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This tax season, many Los Angeles residents with home-based businesses received letters from the city that hit them right where they live and had frightening implications.




The key line in the letters from the Office of Finance reads: "The following amounts are due and payable immediately: $4,363.81."




Imagine getting that tax bill - for freelance income that might have totaled only a few hundred dollars.




The letters, sent in March, were follow-ups to people who have worked as independent contractors but missed a Feb. 28 deadline for registering their businesses with the city's tax and permit division.




Seemingly assuming the best about these freelancers' businesses, the city calculated an "estimated assessment" - one based on $200,000 in gross income for each of the past three years. That figure reflects the annual average for city business taxes.




The city then added interest and late penalties and came up with the $4,000-plus demand.




Never mind that, in some cases, the letters' recipients are people whose income from one or two freelance gigs amounts to less than the tax requested.




Or that the letters might rattle more people than usual in a year when many laid-off employees work as independent contractors or scramble to pick up odd jobs.




"It's getting their attention. They're getting scared," said Rodney Canter, a certified public accountant who said the city's tax-collection effort has grown more aggressive in this time of lean revenue.




Canter said he has found himself explaining the meaning of that not-so-fine print to a handful of clients who received the letters this year, the majority engaged in freelance consulting.




He has told them to calm down.




It would have been simpler, Canter explains, if they had filed their Business Tax Registration Certificate on time. If they had, and if they'd grossed less than $100,000 from their businesses, they'd have owed zero tax to the city.




But even if they didn't register, they can follow the instructions in the letters, contact Office of Finance representatives and calculate their actual - and much lower - tax debts.




Letters create confusion




About 33,000 of the notifications were mailed over a two-week period to individuals, partnerships and corporations, said city Finance Director Antoinette Christovale.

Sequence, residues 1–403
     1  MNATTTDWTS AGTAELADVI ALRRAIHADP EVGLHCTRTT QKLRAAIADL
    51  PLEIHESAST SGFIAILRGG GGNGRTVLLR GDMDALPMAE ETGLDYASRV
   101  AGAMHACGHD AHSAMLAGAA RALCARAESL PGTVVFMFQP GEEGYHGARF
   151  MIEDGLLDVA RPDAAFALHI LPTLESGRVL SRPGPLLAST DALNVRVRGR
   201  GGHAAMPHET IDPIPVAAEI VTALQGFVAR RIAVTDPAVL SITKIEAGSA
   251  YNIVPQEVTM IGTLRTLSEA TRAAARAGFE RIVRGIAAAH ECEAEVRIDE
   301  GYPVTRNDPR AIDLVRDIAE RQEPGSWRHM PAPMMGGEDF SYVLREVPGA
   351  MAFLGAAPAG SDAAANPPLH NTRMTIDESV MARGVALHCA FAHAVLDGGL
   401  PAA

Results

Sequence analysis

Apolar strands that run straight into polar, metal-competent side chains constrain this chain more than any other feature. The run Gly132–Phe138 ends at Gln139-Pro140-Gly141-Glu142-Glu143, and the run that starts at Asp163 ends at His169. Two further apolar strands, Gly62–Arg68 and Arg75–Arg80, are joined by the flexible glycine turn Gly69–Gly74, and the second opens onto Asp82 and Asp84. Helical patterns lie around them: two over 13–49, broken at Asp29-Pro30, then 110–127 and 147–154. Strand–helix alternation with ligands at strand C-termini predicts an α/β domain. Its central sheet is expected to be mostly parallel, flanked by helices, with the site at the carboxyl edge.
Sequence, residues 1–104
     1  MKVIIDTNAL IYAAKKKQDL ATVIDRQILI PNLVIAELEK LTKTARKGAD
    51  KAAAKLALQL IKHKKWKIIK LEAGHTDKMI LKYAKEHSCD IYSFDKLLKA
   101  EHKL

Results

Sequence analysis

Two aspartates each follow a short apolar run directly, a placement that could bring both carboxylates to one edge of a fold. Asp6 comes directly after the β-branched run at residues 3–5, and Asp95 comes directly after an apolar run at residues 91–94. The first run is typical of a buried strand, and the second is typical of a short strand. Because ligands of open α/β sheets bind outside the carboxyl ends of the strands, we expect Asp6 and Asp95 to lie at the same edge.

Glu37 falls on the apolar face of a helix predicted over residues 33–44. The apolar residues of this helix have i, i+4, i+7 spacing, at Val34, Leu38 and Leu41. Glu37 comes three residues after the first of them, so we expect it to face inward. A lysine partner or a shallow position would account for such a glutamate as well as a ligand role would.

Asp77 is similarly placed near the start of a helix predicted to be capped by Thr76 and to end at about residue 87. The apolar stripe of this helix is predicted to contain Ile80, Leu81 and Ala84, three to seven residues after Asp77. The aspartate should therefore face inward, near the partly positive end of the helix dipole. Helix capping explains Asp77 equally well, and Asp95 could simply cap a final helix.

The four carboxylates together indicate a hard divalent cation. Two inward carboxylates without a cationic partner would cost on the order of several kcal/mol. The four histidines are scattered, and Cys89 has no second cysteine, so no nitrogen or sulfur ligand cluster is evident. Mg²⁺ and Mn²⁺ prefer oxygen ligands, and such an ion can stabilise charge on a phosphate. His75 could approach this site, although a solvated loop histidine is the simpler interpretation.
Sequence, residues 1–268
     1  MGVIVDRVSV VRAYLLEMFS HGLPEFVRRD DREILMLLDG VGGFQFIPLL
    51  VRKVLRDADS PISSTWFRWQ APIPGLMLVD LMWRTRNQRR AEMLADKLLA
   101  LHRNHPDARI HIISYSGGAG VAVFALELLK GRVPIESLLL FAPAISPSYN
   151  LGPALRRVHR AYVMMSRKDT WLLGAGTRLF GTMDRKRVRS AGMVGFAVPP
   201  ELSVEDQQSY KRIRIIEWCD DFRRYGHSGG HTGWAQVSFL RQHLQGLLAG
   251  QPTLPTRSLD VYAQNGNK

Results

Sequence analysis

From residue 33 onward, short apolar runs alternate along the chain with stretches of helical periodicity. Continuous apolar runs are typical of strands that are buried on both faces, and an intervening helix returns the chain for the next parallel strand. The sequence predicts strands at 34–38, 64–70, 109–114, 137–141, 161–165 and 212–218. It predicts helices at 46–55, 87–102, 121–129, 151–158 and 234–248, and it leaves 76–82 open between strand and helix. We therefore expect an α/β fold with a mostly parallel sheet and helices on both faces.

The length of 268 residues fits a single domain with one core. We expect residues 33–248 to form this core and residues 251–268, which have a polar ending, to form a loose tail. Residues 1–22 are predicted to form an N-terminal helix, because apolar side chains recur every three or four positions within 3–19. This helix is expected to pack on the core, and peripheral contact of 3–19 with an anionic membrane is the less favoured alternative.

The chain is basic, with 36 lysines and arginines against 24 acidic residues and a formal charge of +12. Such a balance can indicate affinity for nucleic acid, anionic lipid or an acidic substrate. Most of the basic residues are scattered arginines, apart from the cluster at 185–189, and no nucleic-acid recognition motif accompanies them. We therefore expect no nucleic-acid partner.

Particularly for individuals who never thought of their freelance work as business, she said, the letters do create confusion.




"(People) have difficulty understanding that an individual is considered doing business in the city if they receive a 1099 (federal income-tax form) or other independent contractor income," Christovale said in response to one of several questions e-mailed by the Daily News.




Christovale said the letters stem from a program begun in 2002 to identify unregistered businesses, using records disclosed to the city by the California Franchise Tax Board. She said it has added about 100,000 businesses to the city tax rolls, and $107 million in revenue has been collected.




Because the tax board doesn't pass along residents' incomes, the city asks them to report those figures and uses the $200,000 estimate if they don't, Christovale said.




Tax base has shrunk




Canter said clients of his Chatsworth accounting business have been getting the letters for the past eight years.




"The frequency is increasing," Canter said. "Every government agency is trying to generate as much revenue as possible since the tax base has shrunk (in the recession) ... and reporting requirements (between government agencies) are tighter."




Is this a scare tactic?




"It feels that way," Canter said. "I wouldn't disagree with (people who think so)."




Laura Meyers, a Los Angeles-based magazine writer and co-founder of Independent Writers of Southern California - whose members are frequent targets of the tax-discovery program - said the city's demands for $4,363.81 sound like "a glitch."




"I hope the city wasn't so bullyish and unethical as to use scare tactics and such a big number (on purpose)," Meyers said.




Asked if the city is trying to scare residents into paying up, Christovale e-mailed: "No, that would not be fair as it has never been our intent to scare or force people to adhere to the city tax code. We make every effort to advise them of their responsibilities when engaging in business with the city."




Los Angeles Daily News


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